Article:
On our last day in Paraná, I walked to the bus station to check the schedule once again and finalize our plans.
“Sorry, the 5:40 a.m. bus to Concordia is full!” the guy behind the counter said. I had asked for the morning schedule but I shuddered at the thought of taking a bus that early. Mornings don’t start at dawn for me—and how can this early bus be full? Who the fuck is that desperate to go to Concordia at 5:40 a.m.?
“¿Hay un bus más tarde?”
Yes, 11:15 a.m. Phew. Much better.
We came back with our passports to buy the tickets as this is now the rule in Argentina. One last night in Paraná, then some adventure. The night was short.
It was a long and tiring five-hour bus ride from Paraná to Concordia, the Argentinian border town with Uruguay. There was one amusing moment, though, right before the bus left the station in Paraná. A guy came on board to sell stuff, which is fairly normal in Latin America—drinks, sandwiches, gum, pens, pocket notebooks, etc. are often offered for sale by street vendors who climb on board and speak to a captive audience. Except this time, the guy was selling giant hunting knives, presumably as part of a parrilla set. I can just imagine the same scene in a North American Greyhound bus… Gotta travel? Grab a knife first!
So, how can sitting in a bus be so draining? Who knows. First, Mark took so many selfies with the tablet that he accidentally deleted his movies. I made a half-assed attempt to read, write on my laptop and do some craft but I wasn’t focused. I didn’t feel like sleeping. I watched the Pampas going by, got off the bus for a few minutes when it stopped here and there and waited for Concordia.
Yet, I knew there wasn’t much to wait for in Concordia. Most border towns aren’t scenic, interesting or particularly fun. Concordia was just as expected. Sleepy during the day, bit rough at night with federal police patrolling and horny guys catcalling every woman who walked by. “You do that with every girl?” I asked without slowing down. “Must be exhausting.” Despite my slightly offensive reply, they still called me bonita. Go figure.
That said, people were surprisingly nice and welcoming during the daytime. I stopped by a panadería and, as usual, it took me several minutes to pick a few of my favourite—cheesy bread, facturas, etc. I made conversation with the owner, a young guy from Buenos Aires. At the end, after everything was bagged and I was sure I wanted no más, he told me it was a gift and wouldn’t accept any money. “Come back and visit us again, one day!”
Corrientes, Las Heras, Sáenz Peña, La Rioja, Mitre, Urquiza… street names are always the same, only the map changes. I can’t remember if the supermarket on Mitre and Primero de Mayo is in Concordia, Buenos Aires, Rosario… ah, here it is. Concordia indeed it was, I walked by earlier and made a note to check business hours. Not that I can buy much, we are leaving in the morning anyway and there is no fridge at the hotel. We are squeezed in the small room and it’s overpriced for what it is.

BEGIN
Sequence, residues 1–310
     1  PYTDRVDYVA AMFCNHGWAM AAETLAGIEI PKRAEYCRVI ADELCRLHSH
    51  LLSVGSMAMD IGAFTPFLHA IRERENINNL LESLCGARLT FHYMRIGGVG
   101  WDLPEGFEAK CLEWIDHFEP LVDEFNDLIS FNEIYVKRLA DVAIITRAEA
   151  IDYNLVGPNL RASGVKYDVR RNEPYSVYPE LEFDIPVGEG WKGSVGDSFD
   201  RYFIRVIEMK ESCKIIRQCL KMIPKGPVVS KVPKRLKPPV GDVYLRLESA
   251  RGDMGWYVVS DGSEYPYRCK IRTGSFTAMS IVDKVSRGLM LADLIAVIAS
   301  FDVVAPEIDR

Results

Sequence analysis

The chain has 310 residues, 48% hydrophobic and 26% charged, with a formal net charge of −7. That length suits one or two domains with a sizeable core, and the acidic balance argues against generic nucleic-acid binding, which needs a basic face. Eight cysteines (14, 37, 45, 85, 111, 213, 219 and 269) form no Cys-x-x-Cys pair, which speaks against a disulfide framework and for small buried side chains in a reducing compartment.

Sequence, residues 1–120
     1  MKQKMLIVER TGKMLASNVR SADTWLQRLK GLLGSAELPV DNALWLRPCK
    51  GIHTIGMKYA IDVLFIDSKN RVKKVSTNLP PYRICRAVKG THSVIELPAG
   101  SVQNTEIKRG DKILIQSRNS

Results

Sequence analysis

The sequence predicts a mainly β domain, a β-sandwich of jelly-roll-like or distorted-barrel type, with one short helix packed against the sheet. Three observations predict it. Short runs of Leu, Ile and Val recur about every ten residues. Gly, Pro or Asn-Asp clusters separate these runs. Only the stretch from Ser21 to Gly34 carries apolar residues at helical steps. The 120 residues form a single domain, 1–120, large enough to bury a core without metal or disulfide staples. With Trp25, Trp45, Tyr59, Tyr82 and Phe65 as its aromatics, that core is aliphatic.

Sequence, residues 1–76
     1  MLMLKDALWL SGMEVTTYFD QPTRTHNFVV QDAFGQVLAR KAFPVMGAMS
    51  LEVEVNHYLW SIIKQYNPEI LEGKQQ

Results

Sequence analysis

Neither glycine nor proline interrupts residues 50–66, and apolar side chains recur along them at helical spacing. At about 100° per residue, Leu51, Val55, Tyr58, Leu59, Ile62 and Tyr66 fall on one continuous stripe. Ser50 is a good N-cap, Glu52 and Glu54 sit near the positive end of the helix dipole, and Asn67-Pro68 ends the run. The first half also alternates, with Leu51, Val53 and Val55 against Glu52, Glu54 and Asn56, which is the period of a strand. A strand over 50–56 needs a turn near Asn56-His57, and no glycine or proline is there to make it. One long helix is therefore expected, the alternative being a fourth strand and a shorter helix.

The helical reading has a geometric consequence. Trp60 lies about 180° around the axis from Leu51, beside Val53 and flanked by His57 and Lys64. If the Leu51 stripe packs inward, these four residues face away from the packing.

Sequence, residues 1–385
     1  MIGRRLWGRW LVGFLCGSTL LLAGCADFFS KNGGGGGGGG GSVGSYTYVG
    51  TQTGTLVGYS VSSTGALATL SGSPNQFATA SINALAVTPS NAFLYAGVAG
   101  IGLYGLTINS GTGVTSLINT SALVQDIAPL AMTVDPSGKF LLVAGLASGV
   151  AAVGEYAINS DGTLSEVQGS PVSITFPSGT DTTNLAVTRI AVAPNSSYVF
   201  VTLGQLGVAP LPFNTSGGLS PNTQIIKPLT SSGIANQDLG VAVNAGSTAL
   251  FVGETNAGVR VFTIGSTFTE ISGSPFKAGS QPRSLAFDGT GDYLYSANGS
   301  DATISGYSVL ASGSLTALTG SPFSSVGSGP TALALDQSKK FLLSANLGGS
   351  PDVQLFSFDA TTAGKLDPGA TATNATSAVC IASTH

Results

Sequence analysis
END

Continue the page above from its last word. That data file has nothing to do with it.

It doesn’t matter. We are only spending a night in Concordia. We don’t need a comfortable place. Like most people who end up in a border town, we need a plan to cross said border.
We thought there would be buses going back and forth between Concordia, Argentina, and Salto, Uruguay, about an hour away. When we asked at the station we were given two options: the 7 a.m. bus and the 7 p.m. bus. Neither would work for us since we had to check out in Concordia at 10 a.m. and could only check in in Salto after 12 p.m. We would either be hours early or hours late.
I asked around. Plan B could be a boat across río Uruguay. Hey, why not? For about thirty minutes, I loved the idea of crossing a border by boat. We walked down to the harbour and I asked at the prefectura but it turned out the boat was a Uruguayan service—you had to come from Uruguay and it only picked up passengers in Argentina if there was room. Oh, and there was no boat scheduled.
Boat plan was off.
We heard of a bus leaving at noon. Could be a new plan if we found the company.
I walked around Concordia as the city was waking up from the siesta. It was a bit bigger than I thought, with plenty of clothing stores and usual plaza-church combo. This is where we headed for our last meal in Argentina—pizza for Mark, super pancho (hot dog) for Feng and empanadas for me. We shared a “mommy Coke,” like Mark said. No, not cocaine. Just plain old Coke Zero, a rare treat for Mark.
We still didn’t know exactly how we would go to Uruguay when we went to sleep. Somehow, we would.